Simple Existence

Clément Rosset

Clément Rosset

This morning I’ve rummaged around the internet for information about philosopher Clément Rosset, whose philosophy seems to share certain characteristics of the Epicureans, Pierre Bourdieu and Gilles Deleuze. It seems that Joyful Cruelty: toward a philosophy of the real, the book I’d like to read is not in print in English translation. A passage from that book has a Deleuzean flavour to it (not that I am deeply read in Deleuze. Yet).

As evidence for his claim that “simple existence is in itself a source of rejoicing,” Rosset points to the importance people assign to recounting accurately the past events of their lives: “The smaller one’s investment in what was happening in the past when one was participating in the events, the more one now refuses to hear that artichokes were served that day when in fact one remembers excellent asparagus. . . . This fastidious character of remembrance can only be interpreted as the mark of recognition. . . . with respect to existence as such, of the inherent interest of all existence whatever it may be. . . .”

This reminds me of a passage I scribbled in my notebook (I’ll try and find the interview for tweeting and linking here in another post) from a 1988 interview with Deleuze:

Signs imply ways of living, possibilities of existence, they are the symptoms of an overflowing [jaillissante] or exhausted [épuisée] life. But an artist cannot be content with an exhausted life, nor with a personal life. One does not write with one’s ego, one’s memory, and one’s illnesses. In the act of writing there’s an attempt to make life something more than personal, to liberate life from what imprisons it. . . . There is a profound link between signs, the event, life, and vitalism. It is the power of nonorganic life, that which can be found in a line of a drawing, a line of writing, a line of music. It is organisms that die, not life. There is no work of art that does not indicate an opening for life, a path between the cracks. Everything I have written has been vitalistic, at least I hope so, and constitutes a theory of signs and the event.

If you are able to enlighten me in any way about Clément Rosset’s work I’d be appreciative.

4 thoughts on “Simple Existence

  1. Although I’ve run across many quotes and citations over the years, so few of Clément Rosset’s publications are readily available in English translation that I can’t know for sure whether I disagree with him. :) A lot of the quotes regarding language, love, joy, desire, the “real,” etc., include sweeping statements that provoke a “Whoa…dude. Where are you getting this?” response from me. But of course, if I were to read the full works, I might better understand how he carved the way to his conclusions. That said, since I’m not exactly in the market for additional perspectives, I probably won’t be reading any of Rosset’s books in English. Nevertheless, I’m very interested in your take, so I hope you’ll let us know how Joyful Cruelty strikes you.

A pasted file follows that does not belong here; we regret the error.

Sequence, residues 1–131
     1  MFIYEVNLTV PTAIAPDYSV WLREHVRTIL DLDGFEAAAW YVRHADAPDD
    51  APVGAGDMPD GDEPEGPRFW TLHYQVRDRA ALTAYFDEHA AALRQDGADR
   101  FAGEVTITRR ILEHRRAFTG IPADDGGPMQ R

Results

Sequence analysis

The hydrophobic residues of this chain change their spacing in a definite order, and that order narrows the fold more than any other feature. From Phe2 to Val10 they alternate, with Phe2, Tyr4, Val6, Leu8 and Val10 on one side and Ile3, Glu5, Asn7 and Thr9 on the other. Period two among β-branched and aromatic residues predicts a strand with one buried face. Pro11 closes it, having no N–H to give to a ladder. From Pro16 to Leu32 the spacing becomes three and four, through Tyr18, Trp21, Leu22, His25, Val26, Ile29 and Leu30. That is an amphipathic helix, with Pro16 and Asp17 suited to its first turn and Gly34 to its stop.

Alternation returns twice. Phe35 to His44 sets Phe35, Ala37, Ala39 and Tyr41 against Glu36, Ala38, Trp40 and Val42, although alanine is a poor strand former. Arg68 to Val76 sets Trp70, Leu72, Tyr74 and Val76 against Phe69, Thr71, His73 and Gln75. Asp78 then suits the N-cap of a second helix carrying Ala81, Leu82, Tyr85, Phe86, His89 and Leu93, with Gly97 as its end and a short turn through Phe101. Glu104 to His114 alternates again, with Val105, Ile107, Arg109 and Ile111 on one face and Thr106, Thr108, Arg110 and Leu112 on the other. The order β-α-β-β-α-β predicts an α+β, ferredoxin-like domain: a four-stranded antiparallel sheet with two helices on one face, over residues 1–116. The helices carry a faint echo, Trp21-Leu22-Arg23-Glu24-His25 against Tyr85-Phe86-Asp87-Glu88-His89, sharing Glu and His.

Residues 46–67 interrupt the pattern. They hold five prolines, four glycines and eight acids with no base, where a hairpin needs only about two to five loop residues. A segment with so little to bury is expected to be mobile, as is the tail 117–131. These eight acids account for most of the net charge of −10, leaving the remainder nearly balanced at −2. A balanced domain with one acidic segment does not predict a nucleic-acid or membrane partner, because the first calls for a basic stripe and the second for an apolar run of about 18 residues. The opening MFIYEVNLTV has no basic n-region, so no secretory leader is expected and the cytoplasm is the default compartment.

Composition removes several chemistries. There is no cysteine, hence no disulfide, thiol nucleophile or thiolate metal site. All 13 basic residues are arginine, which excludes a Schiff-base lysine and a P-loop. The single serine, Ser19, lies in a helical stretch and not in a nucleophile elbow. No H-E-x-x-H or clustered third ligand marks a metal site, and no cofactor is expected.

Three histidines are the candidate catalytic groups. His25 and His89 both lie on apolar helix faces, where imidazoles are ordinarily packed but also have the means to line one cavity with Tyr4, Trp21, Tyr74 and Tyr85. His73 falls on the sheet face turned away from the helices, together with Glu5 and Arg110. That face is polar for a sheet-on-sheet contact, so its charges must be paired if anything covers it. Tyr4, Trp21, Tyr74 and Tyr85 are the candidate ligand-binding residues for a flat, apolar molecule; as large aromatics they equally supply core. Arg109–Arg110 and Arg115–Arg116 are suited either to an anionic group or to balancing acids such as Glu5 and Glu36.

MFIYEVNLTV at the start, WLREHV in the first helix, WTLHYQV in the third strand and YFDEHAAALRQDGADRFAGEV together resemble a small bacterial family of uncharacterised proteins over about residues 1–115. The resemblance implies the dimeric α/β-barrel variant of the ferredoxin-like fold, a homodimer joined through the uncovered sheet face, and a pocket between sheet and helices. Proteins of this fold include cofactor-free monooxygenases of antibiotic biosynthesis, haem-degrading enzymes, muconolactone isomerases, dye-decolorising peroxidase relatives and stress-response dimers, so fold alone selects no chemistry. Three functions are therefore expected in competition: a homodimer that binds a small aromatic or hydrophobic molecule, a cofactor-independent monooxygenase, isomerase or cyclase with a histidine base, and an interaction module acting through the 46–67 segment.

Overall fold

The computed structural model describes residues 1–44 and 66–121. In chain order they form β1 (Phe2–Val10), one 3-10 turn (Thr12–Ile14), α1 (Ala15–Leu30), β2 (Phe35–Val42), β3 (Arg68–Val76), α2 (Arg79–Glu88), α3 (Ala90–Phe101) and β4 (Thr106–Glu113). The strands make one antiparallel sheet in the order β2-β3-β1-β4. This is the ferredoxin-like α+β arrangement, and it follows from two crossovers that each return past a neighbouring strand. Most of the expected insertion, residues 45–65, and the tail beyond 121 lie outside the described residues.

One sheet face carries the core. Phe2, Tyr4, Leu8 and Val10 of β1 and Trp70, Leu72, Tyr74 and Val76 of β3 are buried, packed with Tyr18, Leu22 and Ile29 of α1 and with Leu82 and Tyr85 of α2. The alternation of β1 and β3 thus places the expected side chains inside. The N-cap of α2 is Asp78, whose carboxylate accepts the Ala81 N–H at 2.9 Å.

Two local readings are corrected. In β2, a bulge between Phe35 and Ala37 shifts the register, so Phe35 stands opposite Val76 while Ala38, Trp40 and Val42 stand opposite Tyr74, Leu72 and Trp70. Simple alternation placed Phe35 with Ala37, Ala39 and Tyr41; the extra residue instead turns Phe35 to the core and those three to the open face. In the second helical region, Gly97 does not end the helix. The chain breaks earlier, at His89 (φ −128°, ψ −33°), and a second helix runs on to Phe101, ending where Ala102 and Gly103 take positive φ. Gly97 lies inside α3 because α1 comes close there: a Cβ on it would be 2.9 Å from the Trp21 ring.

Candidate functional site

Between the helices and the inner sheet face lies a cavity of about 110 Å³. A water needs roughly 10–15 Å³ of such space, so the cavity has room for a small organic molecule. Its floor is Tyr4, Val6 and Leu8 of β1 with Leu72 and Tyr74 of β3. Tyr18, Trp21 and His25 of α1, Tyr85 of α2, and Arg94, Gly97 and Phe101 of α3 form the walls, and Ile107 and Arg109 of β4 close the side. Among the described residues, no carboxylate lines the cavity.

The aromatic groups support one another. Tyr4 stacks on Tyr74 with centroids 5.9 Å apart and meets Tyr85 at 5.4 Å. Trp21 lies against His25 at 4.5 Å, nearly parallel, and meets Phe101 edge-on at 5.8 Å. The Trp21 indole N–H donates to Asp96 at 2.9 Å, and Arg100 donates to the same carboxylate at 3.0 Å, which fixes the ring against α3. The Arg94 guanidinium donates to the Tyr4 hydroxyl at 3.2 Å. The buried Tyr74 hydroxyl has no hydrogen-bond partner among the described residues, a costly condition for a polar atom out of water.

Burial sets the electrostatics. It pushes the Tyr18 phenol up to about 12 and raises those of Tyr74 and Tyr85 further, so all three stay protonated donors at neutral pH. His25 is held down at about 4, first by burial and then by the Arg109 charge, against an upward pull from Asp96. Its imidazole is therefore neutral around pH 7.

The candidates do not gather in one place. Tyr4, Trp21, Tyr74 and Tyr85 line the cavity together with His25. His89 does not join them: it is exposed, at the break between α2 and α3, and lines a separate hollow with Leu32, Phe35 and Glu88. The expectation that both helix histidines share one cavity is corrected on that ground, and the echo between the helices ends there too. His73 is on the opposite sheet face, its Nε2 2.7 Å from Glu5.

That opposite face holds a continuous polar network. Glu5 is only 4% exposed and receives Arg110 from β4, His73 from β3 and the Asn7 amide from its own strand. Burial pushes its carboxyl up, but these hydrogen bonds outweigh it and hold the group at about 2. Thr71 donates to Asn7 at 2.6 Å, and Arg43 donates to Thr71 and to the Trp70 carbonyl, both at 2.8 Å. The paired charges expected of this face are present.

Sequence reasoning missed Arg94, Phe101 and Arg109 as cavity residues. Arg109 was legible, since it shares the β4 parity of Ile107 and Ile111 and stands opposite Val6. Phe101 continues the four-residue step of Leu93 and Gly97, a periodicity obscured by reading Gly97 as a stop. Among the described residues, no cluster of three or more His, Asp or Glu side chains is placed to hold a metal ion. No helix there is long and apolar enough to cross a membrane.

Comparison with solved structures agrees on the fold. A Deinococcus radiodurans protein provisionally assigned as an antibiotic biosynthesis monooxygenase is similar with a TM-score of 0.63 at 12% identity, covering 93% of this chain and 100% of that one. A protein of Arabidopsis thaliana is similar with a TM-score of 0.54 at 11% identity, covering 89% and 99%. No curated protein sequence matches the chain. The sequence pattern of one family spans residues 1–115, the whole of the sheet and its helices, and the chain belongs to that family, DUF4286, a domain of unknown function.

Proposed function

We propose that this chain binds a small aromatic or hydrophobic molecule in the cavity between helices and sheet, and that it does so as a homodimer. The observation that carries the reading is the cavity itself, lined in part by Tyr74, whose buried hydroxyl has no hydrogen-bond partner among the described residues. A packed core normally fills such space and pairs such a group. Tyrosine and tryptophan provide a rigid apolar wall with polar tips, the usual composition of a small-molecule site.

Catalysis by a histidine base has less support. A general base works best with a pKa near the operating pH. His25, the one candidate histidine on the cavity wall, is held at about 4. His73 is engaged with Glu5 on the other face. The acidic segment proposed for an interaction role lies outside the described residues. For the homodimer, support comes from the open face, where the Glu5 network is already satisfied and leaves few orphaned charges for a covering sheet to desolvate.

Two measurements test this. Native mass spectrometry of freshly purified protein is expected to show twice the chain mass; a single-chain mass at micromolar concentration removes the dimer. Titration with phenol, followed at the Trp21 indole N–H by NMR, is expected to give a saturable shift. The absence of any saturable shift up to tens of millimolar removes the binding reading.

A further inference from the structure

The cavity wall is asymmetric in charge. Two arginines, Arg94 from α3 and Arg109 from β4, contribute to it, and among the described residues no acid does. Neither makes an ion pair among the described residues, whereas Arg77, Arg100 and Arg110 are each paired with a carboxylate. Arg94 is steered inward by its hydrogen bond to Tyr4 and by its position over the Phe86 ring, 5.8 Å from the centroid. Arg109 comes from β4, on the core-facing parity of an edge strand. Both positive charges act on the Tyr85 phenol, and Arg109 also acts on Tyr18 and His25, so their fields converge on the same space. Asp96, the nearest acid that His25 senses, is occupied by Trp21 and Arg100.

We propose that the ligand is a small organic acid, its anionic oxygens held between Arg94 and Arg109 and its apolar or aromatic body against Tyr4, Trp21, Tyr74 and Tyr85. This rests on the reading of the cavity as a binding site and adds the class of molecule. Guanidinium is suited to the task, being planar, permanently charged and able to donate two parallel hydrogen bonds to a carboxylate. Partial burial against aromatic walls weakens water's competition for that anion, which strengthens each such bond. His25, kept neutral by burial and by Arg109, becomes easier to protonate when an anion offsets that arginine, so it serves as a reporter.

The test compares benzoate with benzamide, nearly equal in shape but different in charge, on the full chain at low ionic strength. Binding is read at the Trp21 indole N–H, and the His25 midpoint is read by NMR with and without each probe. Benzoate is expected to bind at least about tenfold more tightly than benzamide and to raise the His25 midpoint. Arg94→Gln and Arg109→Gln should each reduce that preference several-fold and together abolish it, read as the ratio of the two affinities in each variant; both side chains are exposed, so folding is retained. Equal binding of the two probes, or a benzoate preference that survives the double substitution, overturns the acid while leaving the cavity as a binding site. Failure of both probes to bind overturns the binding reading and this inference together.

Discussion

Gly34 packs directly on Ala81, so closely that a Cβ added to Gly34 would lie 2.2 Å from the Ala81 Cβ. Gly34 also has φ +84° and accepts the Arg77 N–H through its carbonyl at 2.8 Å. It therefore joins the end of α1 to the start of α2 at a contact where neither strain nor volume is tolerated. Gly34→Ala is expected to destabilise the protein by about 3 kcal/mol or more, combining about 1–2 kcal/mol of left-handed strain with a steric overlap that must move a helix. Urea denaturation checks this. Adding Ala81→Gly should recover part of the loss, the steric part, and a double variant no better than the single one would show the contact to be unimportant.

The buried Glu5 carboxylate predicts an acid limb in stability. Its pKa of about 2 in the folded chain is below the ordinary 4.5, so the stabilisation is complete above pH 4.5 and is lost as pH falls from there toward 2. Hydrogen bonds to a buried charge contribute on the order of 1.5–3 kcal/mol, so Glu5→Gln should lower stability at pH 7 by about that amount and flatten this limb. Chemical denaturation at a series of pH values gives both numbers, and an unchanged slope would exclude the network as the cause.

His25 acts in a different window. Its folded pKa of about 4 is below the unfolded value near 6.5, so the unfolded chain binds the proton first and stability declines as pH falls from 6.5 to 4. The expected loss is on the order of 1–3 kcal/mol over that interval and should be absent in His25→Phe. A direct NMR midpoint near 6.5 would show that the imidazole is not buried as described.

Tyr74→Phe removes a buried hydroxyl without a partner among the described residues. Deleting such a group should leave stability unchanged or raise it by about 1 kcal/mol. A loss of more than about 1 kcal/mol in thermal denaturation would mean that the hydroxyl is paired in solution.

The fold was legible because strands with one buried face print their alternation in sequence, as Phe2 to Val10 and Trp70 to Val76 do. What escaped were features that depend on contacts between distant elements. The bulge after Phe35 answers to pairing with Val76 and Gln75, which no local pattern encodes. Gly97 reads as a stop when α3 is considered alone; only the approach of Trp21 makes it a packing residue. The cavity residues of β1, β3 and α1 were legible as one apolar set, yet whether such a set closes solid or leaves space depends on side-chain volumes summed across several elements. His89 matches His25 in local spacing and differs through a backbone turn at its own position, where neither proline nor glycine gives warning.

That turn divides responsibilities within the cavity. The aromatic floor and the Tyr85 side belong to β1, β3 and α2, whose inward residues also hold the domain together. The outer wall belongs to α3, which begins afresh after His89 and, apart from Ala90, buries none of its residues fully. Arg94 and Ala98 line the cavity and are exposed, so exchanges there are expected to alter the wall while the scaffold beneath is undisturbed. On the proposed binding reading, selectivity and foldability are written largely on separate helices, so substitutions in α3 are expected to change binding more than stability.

As for the passage scribbled in your notebook, it’s from Ronald Bogue’s 2004 collection of essays, Deleuze’s Wake: Tributes and Tributaries, and it’s probably Bogue’s own translation of Deleuze’s conversation (with Raymond Bellour and Francois Ewald, originally published in Le Magazine Littéraire in September, 1988.) You can download the first chapter of Deleuze’s Wake here, which includes your quoted passage: http://www.sunypress.edu/pdf/60904.pdf

    The (as it were) canonical English-language version of that 09/88 interview with Deleuze is entitled “On Philosophy” in the book Negotiations: 1972-1990, available from http://58.192.114.227/humanities/sociology/htmledit/uploadfile/system/20110305/20110305005644520.pdf. It’s Martin Joughin’s 1995 translation of Deleuze’s 1990 Pourparlers.

    Hope the above isn’t TMI and that the links are functional. I’m typing this between replies to work emails….

    • Thank you, DZ, for that first chapter of Deleuze’s Wake. That is precisely the chapter I enjoyed. Thanks also for the link to Negotiations.

      I’ll let you know what I make of Clement’s Joyful Cruelty.

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